Since die-casts lose most of their value when they don't have a box it is suicidal to get rid of the boxes your aircraft came in. They are also a must if you ever have to move house, although the experience of boxing and unboxing that many models is not a pleasant one! I am fortunate enough to have a substantial hangar space, which comes with a large workbench beneath which is a great storage area complete with doors. This is my primary box storage space but even so it has been busting recently.
Since I live in a relatively humid and damp environment (the new house is thankfully a lot drier in winter) I don't store my boxes in the open and instead utilise plastic box containers. These are mostly large underbed style storage containers since they provide a good mixture of accessibility and space. One of the annoying things I find is that the storage boxes, being stackable and plastic, are not typically square at the corners or sides. This can make storing rectangular boxes in them challenging and the shallower underbed boxes afford better space utilisation.
When you need to find a box for one reason or another you'll be really glad that you have stored them together in a methodical way - either by type or manufacturer. The latter makes sense since there is little standardisation of box sizes between the manufacturers. I know people like the specific and larger boxes from the likes of Gemini and Phoenix but when you have lots of models they become a real pain in the backside. The Aeroclassics boxes may be bland but they are smaller - a lot smaller. Usually nowadays Aeroclassics at least says what is in the box but I have hundreds of Aeroclassics which don't. I have had to label the boxes myself.
I had previously attempted to fit the model boxes into type specific plastic boxes but recent purchases had ruined this planning and space was at a premium. After all it isn't just the underbench area that has boxes stored in but also two ottomans (for oversized boxes), a wall cupboard and a chest of drawers.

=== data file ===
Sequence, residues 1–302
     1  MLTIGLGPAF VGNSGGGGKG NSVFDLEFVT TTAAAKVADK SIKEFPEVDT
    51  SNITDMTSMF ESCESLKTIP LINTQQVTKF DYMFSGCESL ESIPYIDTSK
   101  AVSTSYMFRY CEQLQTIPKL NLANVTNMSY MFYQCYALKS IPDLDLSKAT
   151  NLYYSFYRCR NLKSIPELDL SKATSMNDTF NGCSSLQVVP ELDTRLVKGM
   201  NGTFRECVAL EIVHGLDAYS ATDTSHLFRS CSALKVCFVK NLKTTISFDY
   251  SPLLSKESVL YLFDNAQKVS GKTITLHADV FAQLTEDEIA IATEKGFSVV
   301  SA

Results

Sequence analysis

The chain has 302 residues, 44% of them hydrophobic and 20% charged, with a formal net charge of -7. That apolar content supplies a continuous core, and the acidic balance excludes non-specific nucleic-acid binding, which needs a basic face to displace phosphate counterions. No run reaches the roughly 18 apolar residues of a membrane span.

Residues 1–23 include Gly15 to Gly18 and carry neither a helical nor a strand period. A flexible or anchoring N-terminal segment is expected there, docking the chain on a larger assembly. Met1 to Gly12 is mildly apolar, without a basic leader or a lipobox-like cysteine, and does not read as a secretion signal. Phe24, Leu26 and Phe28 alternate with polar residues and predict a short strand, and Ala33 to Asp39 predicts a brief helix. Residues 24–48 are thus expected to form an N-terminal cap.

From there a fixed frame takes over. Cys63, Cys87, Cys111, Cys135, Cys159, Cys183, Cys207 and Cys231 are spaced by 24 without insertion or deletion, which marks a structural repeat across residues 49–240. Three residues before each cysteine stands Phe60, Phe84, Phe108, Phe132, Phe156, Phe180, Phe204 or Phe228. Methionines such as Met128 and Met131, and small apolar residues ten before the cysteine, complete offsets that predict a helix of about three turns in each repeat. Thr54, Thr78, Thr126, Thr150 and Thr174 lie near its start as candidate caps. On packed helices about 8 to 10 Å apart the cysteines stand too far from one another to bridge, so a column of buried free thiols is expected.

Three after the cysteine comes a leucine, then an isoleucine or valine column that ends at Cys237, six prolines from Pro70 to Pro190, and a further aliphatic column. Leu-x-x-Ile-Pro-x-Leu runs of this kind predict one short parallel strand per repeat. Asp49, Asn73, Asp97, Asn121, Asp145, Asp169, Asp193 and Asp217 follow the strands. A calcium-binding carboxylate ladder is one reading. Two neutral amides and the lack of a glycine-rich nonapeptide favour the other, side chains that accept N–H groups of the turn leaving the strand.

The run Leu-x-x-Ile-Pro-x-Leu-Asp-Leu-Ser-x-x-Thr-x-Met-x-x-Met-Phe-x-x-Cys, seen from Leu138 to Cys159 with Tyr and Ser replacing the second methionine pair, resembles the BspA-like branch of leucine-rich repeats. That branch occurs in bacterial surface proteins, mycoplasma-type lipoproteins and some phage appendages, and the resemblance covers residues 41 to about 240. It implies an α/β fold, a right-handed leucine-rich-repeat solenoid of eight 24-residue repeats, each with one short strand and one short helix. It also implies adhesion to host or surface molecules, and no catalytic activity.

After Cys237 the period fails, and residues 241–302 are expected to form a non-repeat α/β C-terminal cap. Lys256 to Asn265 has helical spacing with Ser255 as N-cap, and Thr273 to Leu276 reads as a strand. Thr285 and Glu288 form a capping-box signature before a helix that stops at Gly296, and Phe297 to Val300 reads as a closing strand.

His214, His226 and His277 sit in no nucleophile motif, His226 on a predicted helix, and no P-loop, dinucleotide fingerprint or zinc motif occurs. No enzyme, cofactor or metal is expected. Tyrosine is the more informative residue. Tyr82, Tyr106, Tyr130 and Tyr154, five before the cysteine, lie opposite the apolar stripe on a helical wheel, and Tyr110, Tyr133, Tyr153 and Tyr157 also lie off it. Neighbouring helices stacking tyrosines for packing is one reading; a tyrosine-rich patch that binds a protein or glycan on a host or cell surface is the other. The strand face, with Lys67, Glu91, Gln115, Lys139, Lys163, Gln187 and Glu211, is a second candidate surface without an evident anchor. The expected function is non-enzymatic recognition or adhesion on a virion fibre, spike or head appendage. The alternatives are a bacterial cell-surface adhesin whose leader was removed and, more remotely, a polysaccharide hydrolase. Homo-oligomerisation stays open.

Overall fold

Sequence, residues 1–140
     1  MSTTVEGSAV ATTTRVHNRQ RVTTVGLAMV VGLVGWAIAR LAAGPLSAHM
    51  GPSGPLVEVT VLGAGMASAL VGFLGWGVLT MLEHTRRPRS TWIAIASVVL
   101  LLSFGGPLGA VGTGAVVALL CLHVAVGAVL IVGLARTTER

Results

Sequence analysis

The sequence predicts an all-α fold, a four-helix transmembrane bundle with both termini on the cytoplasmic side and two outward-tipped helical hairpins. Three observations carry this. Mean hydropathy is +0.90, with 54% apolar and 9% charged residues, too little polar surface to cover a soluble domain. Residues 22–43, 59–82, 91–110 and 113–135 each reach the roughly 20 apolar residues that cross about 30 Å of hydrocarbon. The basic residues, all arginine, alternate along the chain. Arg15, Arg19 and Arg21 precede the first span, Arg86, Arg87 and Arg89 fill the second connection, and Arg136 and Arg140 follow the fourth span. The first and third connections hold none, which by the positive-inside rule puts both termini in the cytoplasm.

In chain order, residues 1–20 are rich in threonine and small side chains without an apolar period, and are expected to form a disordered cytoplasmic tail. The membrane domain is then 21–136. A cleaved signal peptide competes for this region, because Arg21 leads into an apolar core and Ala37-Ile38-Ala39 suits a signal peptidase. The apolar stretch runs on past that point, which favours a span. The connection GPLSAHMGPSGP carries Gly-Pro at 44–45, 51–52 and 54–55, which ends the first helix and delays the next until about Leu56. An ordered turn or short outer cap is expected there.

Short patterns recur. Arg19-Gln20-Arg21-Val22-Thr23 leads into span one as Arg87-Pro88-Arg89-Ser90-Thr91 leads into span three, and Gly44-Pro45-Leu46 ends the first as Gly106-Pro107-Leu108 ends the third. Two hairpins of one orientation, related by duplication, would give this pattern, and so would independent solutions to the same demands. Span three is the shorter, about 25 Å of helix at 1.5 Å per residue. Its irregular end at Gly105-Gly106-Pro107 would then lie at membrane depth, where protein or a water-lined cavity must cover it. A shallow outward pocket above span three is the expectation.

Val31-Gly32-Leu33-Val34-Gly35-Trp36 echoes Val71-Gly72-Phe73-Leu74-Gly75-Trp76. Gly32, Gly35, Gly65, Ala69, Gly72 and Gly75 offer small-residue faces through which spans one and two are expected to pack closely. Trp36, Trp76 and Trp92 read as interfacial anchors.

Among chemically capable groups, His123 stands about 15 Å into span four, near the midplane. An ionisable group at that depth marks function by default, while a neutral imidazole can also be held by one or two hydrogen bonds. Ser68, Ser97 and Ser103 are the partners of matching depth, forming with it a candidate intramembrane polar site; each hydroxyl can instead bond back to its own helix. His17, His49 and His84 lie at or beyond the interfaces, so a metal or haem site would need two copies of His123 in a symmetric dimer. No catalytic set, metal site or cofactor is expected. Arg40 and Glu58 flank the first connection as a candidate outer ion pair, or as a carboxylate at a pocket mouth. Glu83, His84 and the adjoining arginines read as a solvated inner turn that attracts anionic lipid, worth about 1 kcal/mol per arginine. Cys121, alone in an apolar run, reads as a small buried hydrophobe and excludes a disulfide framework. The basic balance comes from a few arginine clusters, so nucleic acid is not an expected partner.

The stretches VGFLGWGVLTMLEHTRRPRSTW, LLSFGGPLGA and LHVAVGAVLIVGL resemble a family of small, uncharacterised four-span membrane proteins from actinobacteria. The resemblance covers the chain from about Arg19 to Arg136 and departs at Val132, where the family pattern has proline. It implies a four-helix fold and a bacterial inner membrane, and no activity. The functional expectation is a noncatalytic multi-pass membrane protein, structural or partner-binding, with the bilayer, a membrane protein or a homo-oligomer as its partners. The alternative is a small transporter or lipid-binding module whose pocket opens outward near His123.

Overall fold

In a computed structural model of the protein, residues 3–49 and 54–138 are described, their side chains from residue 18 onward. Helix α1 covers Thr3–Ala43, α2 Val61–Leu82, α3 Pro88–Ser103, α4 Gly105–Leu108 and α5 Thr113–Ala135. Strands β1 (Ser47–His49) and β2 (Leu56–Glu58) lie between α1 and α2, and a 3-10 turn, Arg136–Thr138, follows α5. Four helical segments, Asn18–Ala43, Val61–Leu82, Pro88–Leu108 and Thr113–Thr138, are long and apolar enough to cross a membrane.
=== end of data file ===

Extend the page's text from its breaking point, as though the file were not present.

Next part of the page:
The big reboxing effort involved purchasing a couple of new plastic containers and then going through all the ones I had and reorganising them by aircraft type and often manufacturer. Even this effort, which didn't involve any models being put into boxes, took me about 5 hours in total. Fortunately I didn't have to reorganise many of my 243 Gemini Jets as they were mainly in the chest of drawers and one large plastic box - and I haven't bought many Geminis in recent times. The main effort was directed at the 904 Aeroclassics. I was able to fit many types into one box and fortunately there was often some small space for future additions.
I was relatively fortunate that most of the time I was able to fit what I wanted in the same box. For example in the work in progress shot below the left hand box ended up with Aeroclassics and SMA 737-200/300s and eventually non-Chinese A320s whilst the right box was filled with Aeroclassics DC-9s, CV880/990s and 720s.
There was one additional benefit realised to this reorganisation - I rediscovered a model that had never got unboxed from the last move. Here she is now placed with the over 40 or so Braniff stablemates:
Finally I was able to pack the boxes away and everything is a lot better organised at least until a few months pass and new purchases flood in that need their boxes stored! How do you cope with the storage of your boxes?
I'm Richard Stretton, an aviation enthusiast and major collector of 400 scale model aircraft. This blog discusses ongoing events in the world of 400 scale.
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